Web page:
C++ creator rebuts White House warning, but there’s no smoke without fire :)

In a March 15 response to an inquiry from InfoWorld, Stroustrup pointed out strengths of C++. “I find it surprising that the writers of those government documents seem oblivious of the strengths of contemporary C++ and the efforts to provide strong safety guarantees,” Stroustrup said. 

And Stroustrup cited a fact about the origin of the issue :

There are two problems related to safety. Of the billions of lines of C++, few completely follow modern guidelines, and peoples’ notions of which aspects of safety are important differ.

This highlights a significant problem with C++. When any programming language permits the execution of potentially harmful actions, it shouldn’t come as a surprise that a considerable portion of developers may misuse it.

And when confronted about writing bad code, developers may offer various arguments to justify their actions, though these are often excuses rather than valid reasons:

  1. Tight Deadlines: “I had to rush because of tight deadlines. There wasn’t enough time to write clean code.”
  2. Legacy Code: “The existing codebase is messy and poorly structured. My changes just blend in with the existing mess.”
  3. Scope Creep: “The requirements kept changing throughout the project, making it difficult to maintain clean code.”
  4. Technological Constraints: “The technology stack we’re using isn’t suitable for writing clean code. We’re limited by what we have.”

So yes the developers have a responsibility to ensure they develop their code properly in C++. However, this kind of approach could be risky for the futur of C++. Just few years ago we have suprisingly assisted to the Nokia failure. Indeed, Nokia’s decline from being the world’s leading mobile phone manufacturer to struggling in the market is a story marked by several factors and strategic missteps. One of Nokia’s critical mistakes was its decision to stick with its Symbian operating system for too long. While Symbian was once a dominant platform, it struggled to compete with the user experience offered by iOS and Android.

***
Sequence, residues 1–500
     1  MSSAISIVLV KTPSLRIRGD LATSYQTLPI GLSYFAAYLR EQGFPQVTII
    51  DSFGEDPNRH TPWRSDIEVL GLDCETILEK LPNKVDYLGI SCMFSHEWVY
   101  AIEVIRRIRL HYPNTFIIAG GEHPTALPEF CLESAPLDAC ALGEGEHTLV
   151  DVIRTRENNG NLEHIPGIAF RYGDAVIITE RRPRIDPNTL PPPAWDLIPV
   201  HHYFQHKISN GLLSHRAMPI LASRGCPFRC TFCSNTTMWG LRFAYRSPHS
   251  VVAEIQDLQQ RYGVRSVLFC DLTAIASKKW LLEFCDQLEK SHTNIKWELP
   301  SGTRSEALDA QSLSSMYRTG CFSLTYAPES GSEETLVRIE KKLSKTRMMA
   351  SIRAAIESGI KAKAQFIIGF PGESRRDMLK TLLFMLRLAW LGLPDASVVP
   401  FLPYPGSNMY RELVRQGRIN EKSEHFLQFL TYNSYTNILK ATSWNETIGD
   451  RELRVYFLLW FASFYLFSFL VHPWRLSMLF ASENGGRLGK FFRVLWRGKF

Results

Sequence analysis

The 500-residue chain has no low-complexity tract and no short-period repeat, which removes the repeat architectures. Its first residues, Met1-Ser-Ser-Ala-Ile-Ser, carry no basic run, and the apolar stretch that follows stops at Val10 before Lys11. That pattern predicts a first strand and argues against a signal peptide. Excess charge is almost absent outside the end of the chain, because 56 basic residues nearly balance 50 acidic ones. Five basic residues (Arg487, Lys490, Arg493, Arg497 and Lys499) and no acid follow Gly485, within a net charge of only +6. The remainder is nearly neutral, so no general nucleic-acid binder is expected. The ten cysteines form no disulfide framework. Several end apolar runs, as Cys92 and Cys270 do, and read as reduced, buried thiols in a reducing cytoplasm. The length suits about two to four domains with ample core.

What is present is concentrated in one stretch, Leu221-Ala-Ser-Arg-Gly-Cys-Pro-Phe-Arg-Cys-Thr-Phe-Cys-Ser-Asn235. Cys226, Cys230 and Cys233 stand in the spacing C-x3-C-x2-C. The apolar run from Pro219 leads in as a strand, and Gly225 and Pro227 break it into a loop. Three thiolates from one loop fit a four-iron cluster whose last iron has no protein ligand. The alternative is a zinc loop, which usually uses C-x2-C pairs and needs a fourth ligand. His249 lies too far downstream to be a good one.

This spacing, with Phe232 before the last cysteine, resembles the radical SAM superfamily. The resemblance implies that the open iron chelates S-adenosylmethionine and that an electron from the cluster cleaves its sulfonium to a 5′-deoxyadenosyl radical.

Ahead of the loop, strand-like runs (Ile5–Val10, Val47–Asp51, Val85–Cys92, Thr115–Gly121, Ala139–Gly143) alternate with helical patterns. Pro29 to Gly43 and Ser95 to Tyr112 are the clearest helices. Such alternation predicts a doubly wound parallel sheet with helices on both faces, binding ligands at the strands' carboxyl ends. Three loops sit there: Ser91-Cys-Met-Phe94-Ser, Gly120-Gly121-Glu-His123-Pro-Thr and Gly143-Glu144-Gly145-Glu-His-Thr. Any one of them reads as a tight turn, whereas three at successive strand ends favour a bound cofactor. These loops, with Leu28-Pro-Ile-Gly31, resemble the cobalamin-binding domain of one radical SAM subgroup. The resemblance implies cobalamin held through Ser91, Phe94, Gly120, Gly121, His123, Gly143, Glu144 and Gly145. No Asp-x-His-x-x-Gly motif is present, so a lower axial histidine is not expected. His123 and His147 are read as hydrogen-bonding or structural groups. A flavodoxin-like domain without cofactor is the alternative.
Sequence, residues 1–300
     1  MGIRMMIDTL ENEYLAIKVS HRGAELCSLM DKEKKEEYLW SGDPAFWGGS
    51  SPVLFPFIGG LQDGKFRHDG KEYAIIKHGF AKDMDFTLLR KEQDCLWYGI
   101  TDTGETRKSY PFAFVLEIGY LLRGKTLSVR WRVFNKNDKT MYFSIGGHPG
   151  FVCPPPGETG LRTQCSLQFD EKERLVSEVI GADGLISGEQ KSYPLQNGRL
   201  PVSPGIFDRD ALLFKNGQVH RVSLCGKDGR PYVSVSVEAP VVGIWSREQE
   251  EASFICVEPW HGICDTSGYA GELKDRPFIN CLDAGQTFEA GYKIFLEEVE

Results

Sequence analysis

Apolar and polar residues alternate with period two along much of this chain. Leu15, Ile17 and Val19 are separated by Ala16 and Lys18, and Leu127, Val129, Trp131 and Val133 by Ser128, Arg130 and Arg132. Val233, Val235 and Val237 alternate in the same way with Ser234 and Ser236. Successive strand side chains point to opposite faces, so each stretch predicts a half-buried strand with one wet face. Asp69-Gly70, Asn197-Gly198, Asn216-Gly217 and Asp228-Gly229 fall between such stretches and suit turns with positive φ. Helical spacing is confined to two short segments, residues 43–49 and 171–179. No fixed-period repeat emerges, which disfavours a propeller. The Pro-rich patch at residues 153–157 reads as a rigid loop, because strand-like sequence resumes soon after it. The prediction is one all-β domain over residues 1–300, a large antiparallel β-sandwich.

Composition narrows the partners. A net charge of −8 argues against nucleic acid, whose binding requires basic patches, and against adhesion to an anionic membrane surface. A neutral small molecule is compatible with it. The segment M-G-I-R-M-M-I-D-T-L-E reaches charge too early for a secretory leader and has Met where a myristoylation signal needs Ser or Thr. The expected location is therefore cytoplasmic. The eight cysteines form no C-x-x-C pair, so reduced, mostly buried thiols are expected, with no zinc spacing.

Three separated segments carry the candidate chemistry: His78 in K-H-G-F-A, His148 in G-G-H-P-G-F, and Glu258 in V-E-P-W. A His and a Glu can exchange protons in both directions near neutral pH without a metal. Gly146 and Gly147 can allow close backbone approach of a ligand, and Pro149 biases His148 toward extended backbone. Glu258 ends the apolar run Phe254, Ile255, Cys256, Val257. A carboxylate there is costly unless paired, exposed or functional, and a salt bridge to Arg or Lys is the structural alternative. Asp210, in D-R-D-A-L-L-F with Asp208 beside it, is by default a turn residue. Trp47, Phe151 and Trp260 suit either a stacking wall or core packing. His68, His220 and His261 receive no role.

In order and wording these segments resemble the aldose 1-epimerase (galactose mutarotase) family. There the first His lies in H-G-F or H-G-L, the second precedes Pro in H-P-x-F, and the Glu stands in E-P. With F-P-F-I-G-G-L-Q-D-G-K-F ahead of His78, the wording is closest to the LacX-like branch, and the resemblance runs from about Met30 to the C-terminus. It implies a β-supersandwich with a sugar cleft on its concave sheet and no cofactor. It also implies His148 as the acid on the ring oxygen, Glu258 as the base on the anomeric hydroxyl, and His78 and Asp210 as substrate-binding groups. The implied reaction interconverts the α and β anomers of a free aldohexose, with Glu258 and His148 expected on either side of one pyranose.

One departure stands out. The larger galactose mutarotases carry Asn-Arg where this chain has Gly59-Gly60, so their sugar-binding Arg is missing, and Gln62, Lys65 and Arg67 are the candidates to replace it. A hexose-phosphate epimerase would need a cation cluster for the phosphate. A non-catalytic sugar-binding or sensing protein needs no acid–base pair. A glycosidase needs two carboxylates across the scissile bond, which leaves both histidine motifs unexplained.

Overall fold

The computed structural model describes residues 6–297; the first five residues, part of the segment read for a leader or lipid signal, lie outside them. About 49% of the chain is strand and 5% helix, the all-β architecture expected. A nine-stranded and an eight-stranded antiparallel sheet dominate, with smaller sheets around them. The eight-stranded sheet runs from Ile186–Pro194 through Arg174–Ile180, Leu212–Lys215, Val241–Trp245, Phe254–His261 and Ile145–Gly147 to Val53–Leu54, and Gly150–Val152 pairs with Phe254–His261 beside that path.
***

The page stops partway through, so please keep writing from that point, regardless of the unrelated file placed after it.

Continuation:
In C++ we stick for too long with the current memory management mechanism and no radical solution is suggested, only few improvements that need to be applied by the developers.

C++ vs .Net startegy:

C# was developed in 2000 primarily for Windows machines. Miguel de Icaza created Mono to enable its use on Linux and Mac OSX. However, after over a decade of predominantly using the standard .Net framework on Windows, a significant issue arose regarding the language’s portability. To address this, Microsoft collaborated with Miguel to create .Net Core, a subset of .Net designed to function on other operating systems.

This is not a step by step solution to resolve the portability issue, but a radical one even if the legacy code is not compatible. at this time  Miguel de Icaza describes .NET Core as a “redesigned version of .NET that is based on the simplified version of the class libraries”,and Microsoft’s Immo Landwerth explained that .NET Core would be “the foundation of all future .NET platforms“.

And finally this solution worked perfetly and .Net core become widely used, and the big portability issue is resolved.

Ultimately, this solution proved highly effective, with .Net Core becoming widely adopted, successfully resolving the significant portability issue.

Why not take a similar approach with C++ to definitively address the safety concerns? Why not develop a safe subset of C++ and provide the option to work with this subset through the compiler?

clang –safe


If C++ continues to allow developers to engage in unsafe memory practices, this significant safety concern will persist, potentially leading to other languages such as Rust or Go being preferred for new projects. Maybe, it’s time to think to a radical solution rather than step by step improvements. Certainly, experience has demonstrated that despite the availability of modern features in C++ aimed at addressing safety concerns for over a decade, the issue persists due to the language’s continued allowance of legacy bad practices.